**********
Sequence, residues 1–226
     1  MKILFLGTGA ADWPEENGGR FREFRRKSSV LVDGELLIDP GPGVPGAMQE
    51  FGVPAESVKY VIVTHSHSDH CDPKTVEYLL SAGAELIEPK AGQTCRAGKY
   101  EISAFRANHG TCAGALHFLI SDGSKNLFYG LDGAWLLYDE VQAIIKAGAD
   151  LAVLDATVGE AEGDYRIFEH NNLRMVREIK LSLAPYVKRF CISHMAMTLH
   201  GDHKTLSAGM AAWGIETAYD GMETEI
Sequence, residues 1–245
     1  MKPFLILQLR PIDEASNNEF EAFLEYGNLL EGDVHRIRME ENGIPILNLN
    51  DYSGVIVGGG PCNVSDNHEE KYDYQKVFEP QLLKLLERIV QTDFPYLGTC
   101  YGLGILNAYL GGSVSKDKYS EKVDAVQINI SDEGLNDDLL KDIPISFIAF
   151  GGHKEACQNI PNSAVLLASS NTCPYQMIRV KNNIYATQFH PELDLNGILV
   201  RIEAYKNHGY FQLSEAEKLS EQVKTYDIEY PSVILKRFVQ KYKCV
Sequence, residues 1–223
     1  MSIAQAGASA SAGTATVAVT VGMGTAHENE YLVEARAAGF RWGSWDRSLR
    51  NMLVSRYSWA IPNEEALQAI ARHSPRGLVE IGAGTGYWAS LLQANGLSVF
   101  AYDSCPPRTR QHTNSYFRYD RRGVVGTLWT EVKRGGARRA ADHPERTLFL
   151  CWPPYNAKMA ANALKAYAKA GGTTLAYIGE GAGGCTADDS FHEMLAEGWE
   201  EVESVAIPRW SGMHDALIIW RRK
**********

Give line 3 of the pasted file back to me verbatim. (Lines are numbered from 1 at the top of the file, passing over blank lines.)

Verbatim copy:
    51  FGVPAESVKY VIVTHSHSDH CDPKTVEYLL SAGAELIEPK AGQTCRAGKY